Judge releases man who received jail sentence while lawyer was in handcuffs — VIDEO

A man who received a six-month jail term while his lawyer was handcuffed in court was released on his own recognizance Wednesday pending an appeal of his sentence.

District Judge Rob Bare released Daniel Fernandez after reviewing Justice of the Peace Conrad Hafen’s handling of the case. Bare noted that Hafen directly addressed the defendant on May 23 while Deputy Public Defender Zohra Bakhtary was handcuffed and silenced.

“A lot of meaningful things were covered that, respectfully, a lawyer could potentially weigh in on,” Bare said. “But even if the lawyer chose not to weigh in, it troubles me that a judge would speak directly to a now-unrepresented client in this regard.”

Deputy Public Defenders Nancy Lemcke and Jessica Murphy argued that Hafen deprived Fernandez of his Sixth Amendment right to an attorney at a crucial moment.

Prosecutors have said Bakhtary was interrupting Hafen after he already had made his decision to send Fernandez to jail.

Chief Deputy District Attorney Nell Christensen told Bare “nothing substantive happened” while Bakhtary was in handcuffs.

“There was nothing else that would happen where a lawyer would have a role in changing what the judge was going to do,” the prosecutor said.

Before being restrained, Bakhtary tried to argue that Fernandez, 29, should not be jailed, but Hafen told her to “be quiet.”

After Bakhtary proceeded to interject, Hafen ordered a court marshal to place her in handcuffs.

Bare said the proceedings should have stopped at that point.

Instead, Hafen turned to the defendant. Bare read transcripts from the hearing, emphasizing the 18 times that Hafen used the words “you,” “your” or “you’re” as he addressed Fernandez directly.

“After I told you you had to stay out of trouble, you picked up another petit larceny charge,” Hafen told Fernandez while Bakhtary was handcuffed, according to the transcripts. “So you’re out in the community on a suspended jail sentence in this case, and you’re committing more crime.”

Bare suggested Bakhtary would have been sent to jail if she had tried to speak again during the sentencing.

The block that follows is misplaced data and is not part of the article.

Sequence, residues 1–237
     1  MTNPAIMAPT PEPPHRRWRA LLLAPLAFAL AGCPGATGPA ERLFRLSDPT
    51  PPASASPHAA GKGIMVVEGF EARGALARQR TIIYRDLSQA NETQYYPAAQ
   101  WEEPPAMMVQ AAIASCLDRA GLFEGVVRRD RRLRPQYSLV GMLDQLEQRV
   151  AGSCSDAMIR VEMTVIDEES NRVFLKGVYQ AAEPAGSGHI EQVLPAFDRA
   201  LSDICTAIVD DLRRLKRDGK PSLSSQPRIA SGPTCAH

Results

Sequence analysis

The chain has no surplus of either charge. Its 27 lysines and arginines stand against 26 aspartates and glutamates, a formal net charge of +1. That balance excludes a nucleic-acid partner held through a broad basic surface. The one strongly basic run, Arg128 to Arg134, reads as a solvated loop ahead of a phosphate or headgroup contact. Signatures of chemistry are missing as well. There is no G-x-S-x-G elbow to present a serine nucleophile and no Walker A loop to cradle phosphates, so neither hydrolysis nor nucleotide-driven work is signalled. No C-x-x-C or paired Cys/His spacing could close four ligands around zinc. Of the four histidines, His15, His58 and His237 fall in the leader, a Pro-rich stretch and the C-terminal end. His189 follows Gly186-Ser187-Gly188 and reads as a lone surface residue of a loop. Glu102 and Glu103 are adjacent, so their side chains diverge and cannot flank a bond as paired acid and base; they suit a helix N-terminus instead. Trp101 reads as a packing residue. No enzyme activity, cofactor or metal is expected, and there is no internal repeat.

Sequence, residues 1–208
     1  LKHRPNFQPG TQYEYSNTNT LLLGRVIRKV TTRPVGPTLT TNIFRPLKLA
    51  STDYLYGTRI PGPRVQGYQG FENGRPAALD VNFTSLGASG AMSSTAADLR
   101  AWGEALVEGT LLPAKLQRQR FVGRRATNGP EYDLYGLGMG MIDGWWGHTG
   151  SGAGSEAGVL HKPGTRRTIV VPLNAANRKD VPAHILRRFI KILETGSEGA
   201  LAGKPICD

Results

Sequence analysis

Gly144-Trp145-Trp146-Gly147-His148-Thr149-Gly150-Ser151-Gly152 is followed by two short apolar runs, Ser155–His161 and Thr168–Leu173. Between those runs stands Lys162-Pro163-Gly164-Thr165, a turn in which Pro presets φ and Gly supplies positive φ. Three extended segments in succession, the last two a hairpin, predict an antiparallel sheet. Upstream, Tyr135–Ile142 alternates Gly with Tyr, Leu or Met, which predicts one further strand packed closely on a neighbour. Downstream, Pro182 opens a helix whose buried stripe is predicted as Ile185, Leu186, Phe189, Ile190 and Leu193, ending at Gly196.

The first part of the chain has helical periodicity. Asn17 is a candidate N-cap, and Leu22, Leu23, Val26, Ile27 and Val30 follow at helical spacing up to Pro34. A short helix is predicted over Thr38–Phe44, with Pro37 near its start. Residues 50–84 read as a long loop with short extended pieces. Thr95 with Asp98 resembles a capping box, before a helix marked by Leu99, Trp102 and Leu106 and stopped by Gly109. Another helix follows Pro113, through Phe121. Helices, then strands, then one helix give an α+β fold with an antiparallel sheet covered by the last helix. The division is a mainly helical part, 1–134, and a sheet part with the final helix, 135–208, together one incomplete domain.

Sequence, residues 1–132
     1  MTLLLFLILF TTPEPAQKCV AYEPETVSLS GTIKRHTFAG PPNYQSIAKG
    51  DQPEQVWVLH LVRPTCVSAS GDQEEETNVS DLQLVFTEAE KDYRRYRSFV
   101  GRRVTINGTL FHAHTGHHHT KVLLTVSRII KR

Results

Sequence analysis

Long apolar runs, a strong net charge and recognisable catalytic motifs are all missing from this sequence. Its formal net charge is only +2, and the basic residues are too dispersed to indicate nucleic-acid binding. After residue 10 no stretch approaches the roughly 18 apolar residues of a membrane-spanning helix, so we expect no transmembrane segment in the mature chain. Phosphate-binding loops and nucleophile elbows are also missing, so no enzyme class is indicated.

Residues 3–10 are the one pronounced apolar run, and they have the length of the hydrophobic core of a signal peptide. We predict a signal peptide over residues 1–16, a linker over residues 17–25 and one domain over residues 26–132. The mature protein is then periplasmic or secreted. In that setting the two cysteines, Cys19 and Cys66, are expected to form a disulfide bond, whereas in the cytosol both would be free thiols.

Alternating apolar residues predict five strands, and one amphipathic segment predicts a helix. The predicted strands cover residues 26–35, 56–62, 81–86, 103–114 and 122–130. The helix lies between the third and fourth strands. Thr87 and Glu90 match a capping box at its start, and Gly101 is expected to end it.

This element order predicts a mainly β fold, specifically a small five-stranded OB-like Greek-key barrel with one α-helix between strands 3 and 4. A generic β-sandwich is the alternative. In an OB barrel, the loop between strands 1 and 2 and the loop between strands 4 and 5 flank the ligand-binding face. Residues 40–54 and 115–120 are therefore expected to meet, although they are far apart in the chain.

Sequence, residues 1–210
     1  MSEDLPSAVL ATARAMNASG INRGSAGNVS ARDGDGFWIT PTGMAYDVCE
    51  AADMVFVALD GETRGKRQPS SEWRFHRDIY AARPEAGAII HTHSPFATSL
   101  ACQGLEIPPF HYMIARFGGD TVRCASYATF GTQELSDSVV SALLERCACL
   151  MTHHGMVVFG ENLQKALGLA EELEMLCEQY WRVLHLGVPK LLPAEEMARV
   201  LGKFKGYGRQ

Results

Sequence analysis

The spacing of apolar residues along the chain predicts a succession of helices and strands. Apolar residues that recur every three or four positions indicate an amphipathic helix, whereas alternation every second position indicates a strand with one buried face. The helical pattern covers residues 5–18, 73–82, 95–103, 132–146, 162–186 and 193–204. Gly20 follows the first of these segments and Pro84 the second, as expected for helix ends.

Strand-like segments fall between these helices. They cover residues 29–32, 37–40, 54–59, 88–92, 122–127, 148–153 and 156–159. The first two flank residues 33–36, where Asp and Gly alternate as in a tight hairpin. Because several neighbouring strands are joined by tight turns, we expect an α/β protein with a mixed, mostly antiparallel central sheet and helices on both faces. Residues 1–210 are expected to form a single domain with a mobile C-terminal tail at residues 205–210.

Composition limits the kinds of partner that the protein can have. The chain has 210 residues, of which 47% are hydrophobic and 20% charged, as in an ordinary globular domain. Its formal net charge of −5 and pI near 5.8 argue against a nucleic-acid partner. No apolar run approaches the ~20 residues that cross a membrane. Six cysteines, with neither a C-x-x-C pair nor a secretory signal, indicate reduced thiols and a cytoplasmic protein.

“God only knows what could have been if Ms. Bakhtary wanted to (speak up),” Bare said. “But my guess is she would have left the room she was in and headed somewhere else.”

Hafen ordered Bakhtary released from the handcuffs after about three minutes, then declared that she had “learned a lesson.”

The Las Vegas justice of the peace, who could not be reached for comment for this story, lost his bid for re-election in Tuesday’s primary election against longtime defense lawyer Amy Chelini.

Bare, who did not rule on Fernandez’s appeal, said Hafen may have had “every reason in the world” to send the defendant to jail.

Fernandez had admitted stealing 15 pieces of clothing from the Macy’s department store at Fashion Show mall in October. In March, he was cited in another larceny case, and prosecutors said that was a violation of his release.

Bare is expected to hear arguments next month on the appeal of Fernandez’s sentence.

The judge prohibited Fernandez, who did not attend Wednesday’s hearing, from entering any retail stores while awaiting the results of his appeal.

Hafen wrote in court documents that Bakhtary displayed “disorderly, contemptuous or insolent behavior” and that he had “asked defense counsel on numerous times/occasions to not interrupt” him while he was issuing his decision.

Bakhtary has said that she was not trying to argue with the judge and “did not act unprofessionally.”

“It’s an odd case, I’ll give you that,” Bare said, “probably one I’ll never forget, and maybe one you guys will never forget, either. But the fact of it is, at the end of the day, whether you like it or you don’t like it, people who come into a criminal courtroom deserve to be represented, and in this situation, we have an urepresented defendant being spoken to in meaningful aspects of the case, specifically the sentence, directly by the judge.”

Contact David Ferrara at dferrara@reviewjournal.com or 702-380-1039. Find @randompoker on Twitter.

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